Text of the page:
September 18-19 Pauper Weekend in Review

It’s good to be back.

After what feels like far too long, I’m excited to write about Pauper again. And what a great weekend to get started – with two different Challenges and a Showcase Qualifier we can get a good idea of the initial post-ban landscape. For better or worse, it bears more than a passing resemblance to the metagame before Modern Horizons 2 dropped. The following chart includes every archetype that had at least one X-2 finish or better over the course of the three events.

So the best deck on the weekend was the only one of the big three from last season not hit by a ban. That tracks. The Spellstutter Sprite-Ninja of the Deep Hours package is incredibly powerful and accounts for 41 of the 96 Top 32 decks from the weekend. More and more often these decks are backing this combo up with Monarch – even Azure Fleet Admiral showed up in Delver this weekend – and Dimir Faeries looks to set the pace of the format for the first few weekends.

So let’s talk about Snuff Out. Right now, Snuff Out is helping to define the format in that if you want to succeed to you need to play a deck that does not fold to the free removal spell. Taking a look at the other top decks, they all have some counter-play to Snuff Out whether its counter magic or the ability to just not care about a single removal spell. Expect this trend to continue and look for more decks running threats that dodge Snuff Out and answer suites focused on beating Spellstutter Sprite and its ilk.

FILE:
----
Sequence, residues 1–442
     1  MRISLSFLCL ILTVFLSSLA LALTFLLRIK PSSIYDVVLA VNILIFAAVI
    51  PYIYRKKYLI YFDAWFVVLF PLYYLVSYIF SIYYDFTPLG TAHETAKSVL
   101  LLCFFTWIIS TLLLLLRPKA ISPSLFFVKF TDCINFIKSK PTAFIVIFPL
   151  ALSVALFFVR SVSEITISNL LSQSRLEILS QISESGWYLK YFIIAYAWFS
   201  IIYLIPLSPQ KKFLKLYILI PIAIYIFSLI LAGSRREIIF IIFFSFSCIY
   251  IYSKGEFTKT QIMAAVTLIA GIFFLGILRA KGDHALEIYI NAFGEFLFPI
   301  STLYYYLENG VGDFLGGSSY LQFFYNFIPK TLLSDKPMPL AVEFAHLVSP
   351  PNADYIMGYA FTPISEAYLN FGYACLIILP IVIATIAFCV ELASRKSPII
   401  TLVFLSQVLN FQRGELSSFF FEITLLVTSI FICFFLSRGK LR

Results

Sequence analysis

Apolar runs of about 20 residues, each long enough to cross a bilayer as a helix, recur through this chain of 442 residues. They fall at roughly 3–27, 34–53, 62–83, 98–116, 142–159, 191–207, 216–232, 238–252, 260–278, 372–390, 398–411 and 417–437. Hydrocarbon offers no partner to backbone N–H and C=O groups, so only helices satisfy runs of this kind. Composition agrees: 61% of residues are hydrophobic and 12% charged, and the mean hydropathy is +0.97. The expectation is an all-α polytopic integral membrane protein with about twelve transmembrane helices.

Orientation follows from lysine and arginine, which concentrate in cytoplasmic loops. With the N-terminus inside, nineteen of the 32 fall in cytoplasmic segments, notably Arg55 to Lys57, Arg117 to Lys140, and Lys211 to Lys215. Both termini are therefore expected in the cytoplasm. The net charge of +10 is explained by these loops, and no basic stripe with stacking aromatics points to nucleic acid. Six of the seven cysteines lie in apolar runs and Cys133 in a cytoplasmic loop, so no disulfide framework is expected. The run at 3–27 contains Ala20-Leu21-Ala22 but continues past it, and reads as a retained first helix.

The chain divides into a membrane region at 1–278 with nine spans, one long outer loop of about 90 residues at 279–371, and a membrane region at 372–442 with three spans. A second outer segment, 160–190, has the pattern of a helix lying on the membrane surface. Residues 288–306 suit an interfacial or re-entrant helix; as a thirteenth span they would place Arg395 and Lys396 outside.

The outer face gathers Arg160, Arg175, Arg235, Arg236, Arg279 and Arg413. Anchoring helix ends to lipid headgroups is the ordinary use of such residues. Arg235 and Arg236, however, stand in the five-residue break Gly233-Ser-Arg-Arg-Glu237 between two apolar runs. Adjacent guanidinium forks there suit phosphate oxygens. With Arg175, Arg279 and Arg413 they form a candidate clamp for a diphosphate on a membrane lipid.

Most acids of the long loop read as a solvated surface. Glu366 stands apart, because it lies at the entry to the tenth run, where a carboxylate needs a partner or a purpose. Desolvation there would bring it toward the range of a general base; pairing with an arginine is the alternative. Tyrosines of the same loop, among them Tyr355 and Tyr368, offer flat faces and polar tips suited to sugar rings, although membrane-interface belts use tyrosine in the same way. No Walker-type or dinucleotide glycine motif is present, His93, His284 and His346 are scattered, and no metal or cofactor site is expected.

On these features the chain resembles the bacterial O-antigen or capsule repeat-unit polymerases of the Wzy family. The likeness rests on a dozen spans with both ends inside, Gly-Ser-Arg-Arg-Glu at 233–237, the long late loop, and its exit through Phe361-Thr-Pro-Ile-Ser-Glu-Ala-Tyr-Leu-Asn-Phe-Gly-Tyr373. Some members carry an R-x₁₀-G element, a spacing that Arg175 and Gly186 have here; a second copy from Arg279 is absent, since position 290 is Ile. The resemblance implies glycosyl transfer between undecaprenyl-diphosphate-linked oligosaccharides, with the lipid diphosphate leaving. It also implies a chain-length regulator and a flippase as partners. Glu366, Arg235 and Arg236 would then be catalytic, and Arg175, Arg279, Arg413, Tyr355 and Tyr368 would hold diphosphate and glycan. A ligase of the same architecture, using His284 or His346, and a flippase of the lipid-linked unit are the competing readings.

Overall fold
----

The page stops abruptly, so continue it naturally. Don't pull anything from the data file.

Some players have already found an answer in Pestilence. Various Pestilence and Crypt Rats decks had respectable performances this weekend (7 wins above X-2 in 5 appearances) and I would expect this to continue for at least one more week. These decks were also well set up to beat Bogles, a deck that performed very well before Midnight Hunt and given their ability to fight both Gladecover Scout and Faerie Seer it makes sense for the deck to see a surge in popularity.

An archetype with not as much success was Gruul based Cascade. There were three such decks across all Top 32s, but they all finished at X-3. These decks are filled with 2-for-1s and tend to matchup well against countermagic. That being said these are midrange decks and if they are built for the wrong metagame can stumble. As such I can see them figuring out better options for next weekend and have a better weekend.